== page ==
EMI and Medical Devices
Electromagnetic interference (EMI) can affect a hospital’s electronic equipment when an emitting device is powerful enough and close enough to cause partial or complete failure of the equipment or its sub systems. When a transmitting device gets closer to susceptible electronic equipment, the chance of interference grows. Likewise, as the power of an RF transmitter increases, interference is more likely to occur. Of course, failure of critical electronic medical equipment can be life threatening and should be prevented whenever possible.
EMI in Hospitals
Numerous hospital administrators when considering reports of EMI from mobile phones and hand-held wireless devices, have indicated concerns about integrating low power wireless technologies, including cordless phones, LAN-based phones, and other LAN-based wireless systems. A growing number of these systems operate at or below 100 mW, and operate at a frequency of 900 MHz and above. As a comparison, standard mobile phones usually operate at 600 mW or higher, and hand-held transceivers normally operate at powers up to several watts.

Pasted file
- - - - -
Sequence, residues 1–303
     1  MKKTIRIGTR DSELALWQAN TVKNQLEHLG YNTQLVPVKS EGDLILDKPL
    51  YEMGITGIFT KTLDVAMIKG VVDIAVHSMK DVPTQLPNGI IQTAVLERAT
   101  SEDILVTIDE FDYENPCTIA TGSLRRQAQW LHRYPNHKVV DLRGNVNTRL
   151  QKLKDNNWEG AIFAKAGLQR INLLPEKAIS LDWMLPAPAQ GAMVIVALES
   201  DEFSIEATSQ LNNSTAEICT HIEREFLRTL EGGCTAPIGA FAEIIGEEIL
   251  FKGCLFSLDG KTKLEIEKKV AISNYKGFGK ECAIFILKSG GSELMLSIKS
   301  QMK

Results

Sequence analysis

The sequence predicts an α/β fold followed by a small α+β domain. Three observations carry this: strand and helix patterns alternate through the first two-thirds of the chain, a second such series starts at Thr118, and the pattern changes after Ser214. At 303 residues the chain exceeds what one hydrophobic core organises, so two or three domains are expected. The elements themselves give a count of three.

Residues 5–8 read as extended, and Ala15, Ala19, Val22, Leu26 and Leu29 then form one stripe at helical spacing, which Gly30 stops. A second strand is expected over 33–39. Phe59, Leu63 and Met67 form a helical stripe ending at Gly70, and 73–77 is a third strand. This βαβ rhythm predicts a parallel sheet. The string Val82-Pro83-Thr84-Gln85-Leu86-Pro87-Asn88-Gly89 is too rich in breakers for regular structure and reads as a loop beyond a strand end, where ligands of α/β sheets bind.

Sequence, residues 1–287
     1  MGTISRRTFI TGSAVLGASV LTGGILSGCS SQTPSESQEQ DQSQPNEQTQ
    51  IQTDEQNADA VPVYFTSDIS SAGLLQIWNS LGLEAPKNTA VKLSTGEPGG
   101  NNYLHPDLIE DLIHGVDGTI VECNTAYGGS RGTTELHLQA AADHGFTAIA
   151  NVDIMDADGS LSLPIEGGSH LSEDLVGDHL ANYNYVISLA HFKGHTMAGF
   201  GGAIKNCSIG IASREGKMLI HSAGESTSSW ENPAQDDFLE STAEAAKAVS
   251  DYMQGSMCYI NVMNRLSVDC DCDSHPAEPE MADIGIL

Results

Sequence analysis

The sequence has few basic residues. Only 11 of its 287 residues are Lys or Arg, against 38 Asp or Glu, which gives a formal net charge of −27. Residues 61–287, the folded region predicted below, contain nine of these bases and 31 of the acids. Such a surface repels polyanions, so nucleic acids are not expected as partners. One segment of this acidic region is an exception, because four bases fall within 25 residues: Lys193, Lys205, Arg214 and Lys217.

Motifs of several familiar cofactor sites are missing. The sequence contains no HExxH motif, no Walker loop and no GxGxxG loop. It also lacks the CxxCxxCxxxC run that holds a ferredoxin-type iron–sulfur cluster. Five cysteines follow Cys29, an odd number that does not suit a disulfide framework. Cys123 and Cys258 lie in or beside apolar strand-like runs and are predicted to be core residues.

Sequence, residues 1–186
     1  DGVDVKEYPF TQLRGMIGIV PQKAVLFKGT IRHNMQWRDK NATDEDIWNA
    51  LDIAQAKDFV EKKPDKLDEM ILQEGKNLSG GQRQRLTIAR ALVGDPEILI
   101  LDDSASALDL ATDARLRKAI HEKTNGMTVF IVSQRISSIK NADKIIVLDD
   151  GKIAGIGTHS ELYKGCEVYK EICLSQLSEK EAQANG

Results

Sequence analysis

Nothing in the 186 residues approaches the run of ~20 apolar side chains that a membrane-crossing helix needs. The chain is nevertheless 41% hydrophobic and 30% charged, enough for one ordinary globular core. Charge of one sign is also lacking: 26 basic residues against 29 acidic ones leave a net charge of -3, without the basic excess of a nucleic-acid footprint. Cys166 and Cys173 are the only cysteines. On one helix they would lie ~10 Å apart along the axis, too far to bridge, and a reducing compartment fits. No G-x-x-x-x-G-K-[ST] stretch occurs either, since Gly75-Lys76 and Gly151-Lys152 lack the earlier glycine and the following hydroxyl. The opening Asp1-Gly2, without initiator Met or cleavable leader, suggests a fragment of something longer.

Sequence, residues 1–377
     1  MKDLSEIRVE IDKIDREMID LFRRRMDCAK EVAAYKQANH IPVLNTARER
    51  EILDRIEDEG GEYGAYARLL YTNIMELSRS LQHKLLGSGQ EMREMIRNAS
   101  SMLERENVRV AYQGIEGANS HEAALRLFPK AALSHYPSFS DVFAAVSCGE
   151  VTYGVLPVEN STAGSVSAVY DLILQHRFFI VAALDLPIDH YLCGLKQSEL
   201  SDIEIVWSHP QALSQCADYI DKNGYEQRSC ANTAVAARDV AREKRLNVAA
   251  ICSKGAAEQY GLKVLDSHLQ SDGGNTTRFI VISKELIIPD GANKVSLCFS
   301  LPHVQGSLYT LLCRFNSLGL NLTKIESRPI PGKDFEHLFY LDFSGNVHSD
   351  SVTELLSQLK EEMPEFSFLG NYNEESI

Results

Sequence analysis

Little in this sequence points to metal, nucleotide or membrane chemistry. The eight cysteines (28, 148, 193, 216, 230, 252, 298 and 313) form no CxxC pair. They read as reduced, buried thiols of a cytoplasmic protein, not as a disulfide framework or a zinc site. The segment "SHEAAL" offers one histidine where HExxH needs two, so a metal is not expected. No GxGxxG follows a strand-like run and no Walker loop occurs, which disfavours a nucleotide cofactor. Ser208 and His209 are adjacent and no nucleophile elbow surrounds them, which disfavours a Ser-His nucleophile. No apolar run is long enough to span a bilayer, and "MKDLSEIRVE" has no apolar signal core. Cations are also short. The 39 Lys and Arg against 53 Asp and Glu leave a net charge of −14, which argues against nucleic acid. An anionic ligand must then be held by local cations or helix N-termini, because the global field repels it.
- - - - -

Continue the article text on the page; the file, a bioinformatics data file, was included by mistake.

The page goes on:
To help alleviate concerns on the part of hospital administrators about using low powered wireless devices which provide substantial advantage in diagnosis and treatment of patients, government agencies have released regulations on the EMI such devices are permitted to radiate. Likewise, regulations also dictate the level of EMI electronic equipment must sustain without affecting its operation.
For years, large-sized electronic equipment used in medical applications have used Faraday cages, or metal enclosures, to contain EMI-emitting devices and keep them from affecting other components. Metal enclosures are established solutions for EMI shielding and with recent innovations in the design and fabrication of thin gauge sheet metal for EMI shielding, such enclosures are now easily adapted to smaller packages including hand-held and other small-size wireless devices.
Contact us for information on how Faspro Technologies can support EMI shielding in medical devices.